Community advocates contend that the massive truck staging facility will generate high levels of exhaust pollution, noise pollution and truck traffic in the neighborhood. The Little Village neighborhood consistently ranks highest in air pollution levels across the City of Chicago. Developing a high-polluting use on the Crawford site shows a significant lack of regard for the health and safety of people who live, work and attend school in the neighborhood.
Preservation Chicago strongly encourages the adaptive reuse of the historic buildings into a redevelopment plan with new construction located elsewhere on the vast 72-acre site. The historic Graham, Anderson, Probst and White buildings, especially Turbine Hall, are an asset that should be recognized, valued and protected.
The Little Village community has been over-studied in the last few years and wildly underrepresented in redevelopment plans. The planned Hilco development is a prime example of that imbalance. Instead of approving a plan in the name of a free market that threatens the safety and quality of life of community residents and destroys important architectural history of Chicago, Hilco could be a responsible corporate neighbor working with the community to find a healthy balance between the company’s profits and people’s right to live in a healthy and safe neighborhood – one that retains its historic built environment.
It is possible and essential to redevelop this site in a way that minimizes harm to the community, honors the history and architecture and yet profitable for the developer. Little Village residents should not be required to sacrifice their quality of life in exchange for Hilco maximizing its return on investment on the Crawford site.
In London, a once shuttered coal-fired plant built in 1947 was adaptively reused and is now the celebrated Tate Modern. This river-front art museum has become the third most visited attraction in the UK with 5.8 million visitors in 2016. That building faced repeated threats of demolition for nearly 20 years prior to its reuse in 2000. In Savannah, Georgia, the former Georgia Power Plant located on the Savannah River is being turned into a 670,000-square-foot, mixed-used development by Marriott.
Hilco recently acquired another significant property in the Pilsen community, the Fisk Generating Station at 1111 West Cermak. The company can practice profitable and sensitive redevelopment at Crawford to gear up for the same model at Fisk. Our city’s history should not be erased in the name of one company’s profits.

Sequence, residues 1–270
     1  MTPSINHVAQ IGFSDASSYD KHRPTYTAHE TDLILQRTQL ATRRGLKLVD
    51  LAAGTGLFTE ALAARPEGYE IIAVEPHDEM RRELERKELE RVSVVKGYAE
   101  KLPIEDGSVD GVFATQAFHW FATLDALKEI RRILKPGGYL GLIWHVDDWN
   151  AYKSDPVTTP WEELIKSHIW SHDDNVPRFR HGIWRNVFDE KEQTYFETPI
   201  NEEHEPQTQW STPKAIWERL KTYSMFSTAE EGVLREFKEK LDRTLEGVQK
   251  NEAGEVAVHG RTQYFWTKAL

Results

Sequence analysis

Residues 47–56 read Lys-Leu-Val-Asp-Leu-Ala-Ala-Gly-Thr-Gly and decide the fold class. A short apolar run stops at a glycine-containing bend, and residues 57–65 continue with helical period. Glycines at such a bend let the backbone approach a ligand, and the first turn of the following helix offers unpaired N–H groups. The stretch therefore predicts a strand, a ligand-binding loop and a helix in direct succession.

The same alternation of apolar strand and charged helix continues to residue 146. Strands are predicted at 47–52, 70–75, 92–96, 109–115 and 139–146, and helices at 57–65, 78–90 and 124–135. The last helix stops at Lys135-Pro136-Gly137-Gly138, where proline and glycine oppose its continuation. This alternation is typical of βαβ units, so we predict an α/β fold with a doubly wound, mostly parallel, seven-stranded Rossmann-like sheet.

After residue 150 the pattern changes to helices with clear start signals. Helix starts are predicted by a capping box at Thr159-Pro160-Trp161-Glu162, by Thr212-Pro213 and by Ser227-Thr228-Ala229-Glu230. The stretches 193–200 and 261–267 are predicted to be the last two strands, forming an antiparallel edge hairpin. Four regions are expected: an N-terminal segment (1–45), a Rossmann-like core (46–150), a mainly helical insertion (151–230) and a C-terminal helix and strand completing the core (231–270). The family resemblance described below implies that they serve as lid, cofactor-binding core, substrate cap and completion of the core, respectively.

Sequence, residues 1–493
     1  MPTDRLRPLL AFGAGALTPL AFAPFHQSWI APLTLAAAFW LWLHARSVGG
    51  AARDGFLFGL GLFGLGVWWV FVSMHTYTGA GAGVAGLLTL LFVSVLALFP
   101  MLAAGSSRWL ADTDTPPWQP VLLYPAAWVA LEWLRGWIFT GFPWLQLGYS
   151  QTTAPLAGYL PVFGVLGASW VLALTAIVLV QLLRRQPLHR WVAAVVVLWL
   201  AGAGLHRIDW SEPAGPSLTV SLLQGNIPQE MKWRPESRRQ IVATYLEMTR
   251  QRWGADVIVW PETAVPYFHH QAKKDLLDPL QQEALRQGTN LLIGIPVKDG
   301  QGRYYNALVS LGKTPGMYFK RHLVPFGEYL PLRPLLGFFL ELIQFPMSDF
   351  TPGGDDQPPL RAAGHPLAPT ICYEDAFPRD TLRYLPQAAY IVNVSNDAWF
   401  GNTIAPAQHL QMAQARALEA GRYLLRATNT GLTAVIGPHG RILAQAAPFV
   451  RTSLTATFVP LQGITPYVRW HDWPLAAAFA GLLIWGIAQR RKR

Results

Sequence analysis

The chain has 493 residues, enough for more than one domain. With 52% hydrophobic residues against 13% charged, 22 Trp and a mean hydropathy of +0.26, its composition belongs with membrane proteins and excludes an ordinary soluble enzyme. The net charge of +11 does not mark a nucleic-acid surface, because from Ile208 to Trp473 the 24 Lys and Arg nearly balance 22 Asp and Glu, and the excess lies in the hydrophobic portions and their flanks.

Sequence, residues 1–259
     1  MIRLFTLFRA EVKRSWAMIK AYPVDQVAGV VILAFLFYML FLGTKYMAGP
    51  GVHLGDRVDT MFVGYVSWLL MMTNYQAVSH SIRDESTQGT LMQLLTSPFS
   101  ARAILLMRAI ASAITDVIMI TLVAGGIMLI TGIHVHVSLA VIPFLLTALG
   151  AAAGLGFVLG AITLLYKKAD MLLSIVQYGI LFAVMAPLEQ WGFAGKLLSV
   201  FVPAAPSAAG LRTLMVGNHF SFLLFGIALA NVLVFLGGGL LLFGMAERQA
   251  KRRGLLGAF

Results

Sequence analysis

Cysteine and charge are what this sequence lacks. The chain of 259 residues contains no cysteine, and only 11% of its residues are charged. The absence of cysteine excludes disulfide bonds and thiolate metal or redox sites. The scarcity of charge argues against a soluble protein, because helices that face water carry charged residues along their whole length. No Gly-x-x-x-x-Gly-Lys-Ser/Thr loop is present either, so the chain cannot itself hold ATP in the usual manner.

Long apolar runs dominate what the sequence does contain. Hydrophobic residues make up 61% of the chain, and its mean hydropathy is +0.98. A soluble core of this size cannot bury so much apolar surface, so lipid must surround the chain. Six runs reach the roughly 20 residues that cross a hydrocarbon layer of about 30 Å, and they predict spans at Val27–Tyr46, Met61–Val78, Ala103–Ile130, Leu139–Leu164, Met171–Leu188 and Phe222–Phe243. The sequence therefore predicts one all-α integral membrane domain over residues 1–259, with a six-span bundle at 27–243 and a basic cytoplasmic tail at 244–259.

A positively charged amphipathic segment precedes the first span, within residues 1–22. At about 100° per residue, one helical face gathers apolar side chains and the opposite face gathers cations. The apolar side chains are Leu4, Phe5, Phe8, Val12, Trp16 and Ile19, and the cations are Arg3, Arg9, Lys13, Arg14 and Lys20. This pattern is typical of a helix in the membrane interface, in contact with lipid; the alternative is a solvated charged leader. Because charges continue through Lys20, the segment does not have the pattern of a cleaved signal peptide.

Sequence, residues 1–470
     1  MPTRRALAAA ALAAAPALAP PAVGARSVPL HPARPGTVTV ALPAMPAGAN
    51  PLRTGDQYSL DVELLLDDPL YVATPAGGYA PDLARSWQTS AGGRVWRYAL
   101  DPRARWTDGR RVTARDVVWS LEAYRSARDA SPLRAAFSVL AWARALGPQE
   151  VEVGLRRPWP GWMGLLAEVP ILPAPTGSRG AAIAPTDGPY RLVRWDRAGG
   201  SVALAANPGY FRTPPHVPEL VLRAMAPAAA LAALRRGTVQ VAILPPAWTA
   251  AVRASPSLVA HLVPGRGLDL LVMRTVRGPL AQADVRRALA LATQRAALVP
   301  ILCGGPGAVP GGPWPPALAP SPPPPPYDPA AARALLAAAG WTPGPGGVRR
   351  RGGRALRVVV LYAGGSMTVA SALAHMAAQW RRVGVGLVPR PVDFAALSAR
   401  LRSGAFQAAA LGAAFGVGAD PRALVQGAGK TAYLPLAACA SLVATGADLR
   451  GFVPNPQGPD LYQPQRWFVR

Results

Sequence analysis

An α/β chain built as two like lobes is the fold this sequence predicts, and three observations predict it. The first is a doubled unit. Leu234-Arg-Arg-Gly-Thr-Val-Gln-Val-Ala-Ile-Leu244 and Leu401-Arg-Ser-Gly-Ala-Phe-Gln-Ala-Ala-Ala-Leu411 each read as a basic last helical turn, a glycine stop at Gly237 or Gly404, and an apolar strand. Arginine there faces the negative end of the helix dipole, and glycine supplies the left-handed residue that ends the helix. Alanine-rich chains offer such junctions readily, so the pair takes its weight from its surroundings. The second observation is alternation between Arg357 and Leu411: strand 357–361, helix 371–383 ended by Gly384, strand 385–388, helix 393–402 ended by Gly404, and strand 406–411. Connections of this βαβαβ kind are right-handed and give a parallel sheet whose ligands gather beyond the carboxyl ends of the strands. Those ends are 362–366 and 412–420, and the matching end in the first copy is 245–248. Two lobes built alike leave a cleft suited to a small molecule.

Preservation Chicago is not opposed to redevelopment for the site, but it strongly encourages the 1926 portion of the 72-acre campus be adaptively reused in any redevelopment plan. The historic structures could incorporate some of the existing equipment to tell a story of Chicago’s place on the world stage in the history of electricity and the production process. This concept was employed at the former Sears Roebuck headquarters on Chicago’s West Side where some of the old powerhouse equipment was integrated into the new high school, known as the Charles H. Shaw Technology and Learning Center operated by Noble Street Charter Schools.
Community residents, including those involved with the Little Village Environmental Justice Organization, favor a reuse on the site that retains the historic buildings and offers potentially food-related growing and production operations within those structures. Hilco could then find a use on the site’s vacant land that is respectful of the community’s quality of life goals. Jobs can be created and profits can be turned without causing harm to the community and erasing our historic built environment.
The 1 million-square-foot facility proposed at Crawford would never be considered on Chicago’s North or Northwest sides, and it should not be forced on the neighbors in Little Village/South Lawndale. Residents there have endured decades of disinvestment and environmental pollution with minimal investment of City resources toward protecting its built history.